Since President Trump took office in 2016, it has become much more complex for some immigrants to apply for asylum in the U.S. This is because Customs and Border Protection (CBP) began “metering” the number of people it would allow into ports of entry, especially along the southern border with Mexico.

The agency simply said that the ports of entry were “at capacity” and could not accept any more asylum seekers. In some cases, the agency told asylum seekers to wait in Mexico until “their turn.”

That policy, which became official in 2018, may have violated the Immigration and Naturalization Act (INA), the Alien Tort Statute, the Administrative Procedures Act and the due process clause of the Fifth Amendment. If it did, the policy was illegal, and the asylum seekers deserve to be heard.

A federal judge in San Diego has now certified a class action against CBP and the Department of Homeland Security. She found that the asylum seekers’ claims were all based on the common factor of this CBP metering policy and so would be appropriate to hear as a class action.

The government had asked for class certification to be denied. Or, if the court would not deny class certification, it argued that there should be two classes: one for those “turned back” at the border and those “metered” and told to wait. Mainly, it argued that the asylum seekers’ claims were not similar enough for them to be appropriate as a class action.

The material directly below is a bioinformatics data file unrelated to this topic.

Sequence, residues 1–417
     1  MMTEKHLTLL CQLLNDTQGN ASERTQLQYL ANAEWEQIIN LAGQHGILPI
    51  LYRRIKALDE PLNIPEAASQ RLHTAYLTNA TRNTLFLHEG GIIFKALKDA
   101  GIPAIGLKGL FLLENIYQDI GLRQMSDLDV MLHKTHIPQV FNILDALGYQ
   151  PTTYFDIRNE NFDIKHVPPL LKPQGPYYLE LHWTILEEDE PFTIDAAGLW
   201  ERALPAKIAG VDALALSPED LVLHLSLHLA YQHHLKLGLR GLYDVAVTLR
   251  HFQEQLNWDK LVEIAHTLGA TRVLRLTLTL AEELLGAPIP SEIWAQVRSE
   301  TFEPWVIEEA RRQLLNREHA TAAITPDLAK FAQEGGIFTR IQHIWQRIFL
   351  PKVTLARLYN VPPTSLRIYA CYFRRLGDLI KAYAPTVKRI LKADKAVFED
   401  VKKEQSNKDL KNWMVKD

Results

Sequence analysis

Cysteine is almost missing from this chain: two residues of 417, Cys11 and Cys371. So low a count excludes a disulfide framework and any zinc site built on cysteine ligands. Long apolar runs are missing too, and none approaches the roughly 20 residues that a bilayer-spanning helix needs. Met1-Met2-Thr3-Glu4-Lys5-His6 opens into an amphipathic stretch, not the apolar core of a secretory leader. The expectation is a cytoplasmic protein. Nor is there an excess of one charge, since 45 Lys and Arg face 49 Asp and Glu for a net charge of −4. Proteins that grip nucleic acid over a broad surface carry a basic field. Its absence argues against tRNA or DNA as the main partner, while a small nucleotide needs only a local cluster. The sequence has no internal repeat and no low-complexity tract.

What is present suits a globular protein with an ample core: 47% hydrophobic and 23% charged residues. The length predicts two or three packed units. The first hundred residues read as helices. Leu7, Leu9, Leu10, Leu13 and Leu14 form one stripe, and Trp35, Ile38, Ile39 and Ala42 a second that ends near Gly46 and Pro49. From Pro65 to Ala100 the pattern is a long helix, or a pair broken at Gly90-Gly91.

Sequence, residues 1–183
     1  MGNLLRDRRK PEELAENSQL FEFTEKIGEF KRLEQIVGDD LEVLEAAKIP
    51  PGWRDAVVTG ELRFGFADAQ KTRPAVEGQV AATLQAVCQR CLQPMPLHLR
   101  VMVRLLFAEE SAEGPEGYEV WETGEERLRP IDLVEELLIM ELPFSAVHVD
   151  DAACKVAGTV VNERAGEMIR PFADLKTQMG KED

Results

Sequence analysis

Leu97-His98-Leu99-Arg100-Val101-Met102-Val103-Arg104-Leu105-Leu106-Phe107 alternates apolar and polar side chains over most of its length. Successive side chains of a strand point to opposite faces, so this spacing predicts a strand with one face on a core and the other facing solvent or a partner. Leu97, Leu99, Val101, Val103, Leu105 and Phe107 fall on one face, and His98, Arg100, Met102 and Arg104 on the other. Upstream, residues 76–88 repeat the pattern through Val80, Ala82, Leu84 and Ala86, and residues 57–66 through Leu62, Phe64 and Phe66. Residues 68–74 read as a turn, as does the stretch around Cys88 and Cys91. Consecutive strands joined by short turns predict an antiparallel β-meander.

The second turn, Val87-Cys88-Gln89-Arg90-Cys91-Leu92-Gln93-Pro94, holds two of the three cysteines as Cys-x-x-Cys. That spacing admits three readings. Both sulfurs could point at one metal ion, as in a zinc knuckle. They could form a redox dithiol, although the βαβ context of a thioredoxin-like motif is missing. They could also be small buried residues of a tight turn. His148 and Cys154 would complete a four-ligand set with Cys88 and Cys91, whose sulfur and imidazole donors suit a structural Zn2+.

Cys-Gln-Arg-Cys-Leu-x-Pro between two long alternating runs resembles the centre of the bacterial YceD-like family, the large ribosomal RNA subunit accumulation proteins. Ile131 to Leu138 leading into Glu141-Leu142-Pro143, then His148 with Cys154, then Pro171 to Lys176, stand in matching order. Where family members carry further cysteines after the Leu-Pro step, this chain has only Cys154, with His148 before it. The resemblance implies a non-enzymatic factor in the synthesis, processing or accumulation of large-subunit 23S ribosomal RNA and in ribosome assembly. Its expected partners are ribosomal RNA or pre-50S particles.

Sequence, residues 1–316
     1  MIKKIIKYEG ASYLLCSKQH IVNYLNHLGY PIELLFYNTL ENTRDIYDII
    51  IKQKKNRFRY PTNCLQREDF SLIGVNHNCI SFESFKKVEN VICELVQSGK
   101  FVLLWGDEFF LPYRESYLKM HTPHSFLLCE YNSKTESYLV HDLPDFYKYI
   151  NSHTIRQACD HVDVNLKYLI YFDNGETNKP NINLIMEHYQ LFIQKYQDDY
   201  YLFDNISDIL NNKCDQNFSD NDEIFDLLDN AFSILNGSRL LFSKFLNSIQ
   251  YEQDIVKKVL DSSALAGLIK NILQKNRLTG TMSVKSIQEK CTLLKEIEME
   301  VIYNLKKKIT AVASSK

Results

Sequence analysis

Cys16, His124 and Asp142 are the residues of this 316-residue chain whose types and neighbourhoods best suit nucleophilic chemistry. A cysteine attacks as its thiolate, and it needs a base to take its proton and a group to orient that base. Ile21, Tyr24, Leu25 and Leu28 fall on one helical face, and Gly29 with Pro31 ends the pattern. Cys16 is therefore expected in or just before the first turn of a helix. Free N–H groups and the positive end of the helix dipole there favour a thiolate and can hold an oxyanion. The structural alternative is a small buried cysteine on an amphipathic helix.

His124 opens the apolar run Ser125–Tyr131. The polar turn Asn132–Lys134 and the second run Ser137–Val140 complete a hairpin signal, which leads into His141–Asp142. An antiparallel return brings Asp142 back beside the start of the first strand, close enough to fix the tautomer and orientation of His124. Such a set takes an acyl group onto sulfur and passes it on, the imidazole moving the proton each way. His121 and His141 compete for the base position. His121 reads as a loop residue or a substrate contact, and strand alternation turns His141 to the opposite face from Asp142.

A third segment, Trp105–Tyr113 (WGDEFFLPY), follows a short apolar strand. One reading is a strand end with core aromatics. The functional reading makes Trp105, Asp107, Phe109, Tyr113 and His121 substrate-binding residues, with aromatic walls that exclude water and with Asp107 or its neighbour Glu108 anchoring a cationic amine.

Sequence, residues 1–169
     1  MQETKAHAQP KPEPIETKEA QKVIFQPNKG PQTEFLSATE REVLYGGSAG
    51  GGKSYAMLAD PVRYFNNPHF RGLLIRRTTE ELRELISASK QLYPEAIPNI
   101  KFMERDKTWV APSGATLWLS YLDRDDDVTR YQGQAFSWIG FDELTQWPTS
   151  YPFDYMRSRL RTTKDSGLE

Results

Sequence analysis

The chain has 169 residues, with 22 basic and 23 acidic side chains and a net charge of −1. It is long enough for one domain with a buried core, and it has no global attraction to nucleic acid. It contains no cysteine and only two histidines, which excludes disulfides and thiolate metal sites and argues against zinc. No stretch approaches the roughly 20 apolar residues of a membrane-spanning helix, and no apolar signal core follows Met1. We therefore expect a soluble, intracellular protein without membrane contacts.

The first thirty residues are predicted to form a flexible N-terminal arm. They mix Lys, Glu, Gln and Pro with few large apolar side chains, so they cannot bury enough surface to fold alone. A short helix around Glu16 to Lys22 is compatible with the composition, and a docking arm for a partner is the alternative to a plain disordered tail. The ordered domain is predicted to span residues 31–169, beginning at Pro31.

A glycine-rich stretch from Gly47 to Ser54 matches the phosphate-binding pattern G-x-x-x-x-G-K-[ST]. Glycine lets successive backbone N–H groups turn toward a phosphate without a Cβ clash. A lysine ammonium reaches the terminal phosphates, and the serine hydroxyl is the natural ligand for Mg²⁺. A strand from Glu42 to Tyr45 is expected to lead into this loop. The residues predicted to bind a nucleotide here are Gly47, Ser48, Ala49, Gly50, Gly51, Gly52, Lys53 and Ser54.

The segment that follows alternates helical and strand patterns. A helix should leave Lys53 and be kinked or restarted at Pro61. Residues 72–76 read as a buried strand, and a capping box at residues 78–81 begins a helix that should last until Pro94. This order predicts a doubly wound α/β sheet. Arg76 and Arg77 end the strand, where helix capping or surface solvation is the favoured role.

The judge ruled against both of the government’s arguments. A court hearing the class action would not have to determine the credibility of each asylum seekers’ claims, which admittedly are different from one another. Instead, it merely has to determine whether the metering or turning back violated American law by keeping the asylum seekers out of the asylum system altogether.

Tens of thousands of asylum seekers were denied their chance to apply for help by being turned away from American ports of entry.

People have a right to apply for asylum in the United States if they claim they are eligible. They need only present themselves at a port of entry within a year of arrival in the U.S. and ask for asylum. At that point, a hearing is supposed to be scheduled to determine if the asylum seeker’s claim is credible.

To be eligible for asylum, a person has to have a credible belief that they have suffered or will suffer persecution due to:

  • Race
  • Nationality
  • Religion
  • Political opinion
  • Membership in a particular social group

If you are seeking asylum and need a lawyer, call Yew Immigration Law Group. Attorney Alison Yew is a State Bar certified immigration law specialist.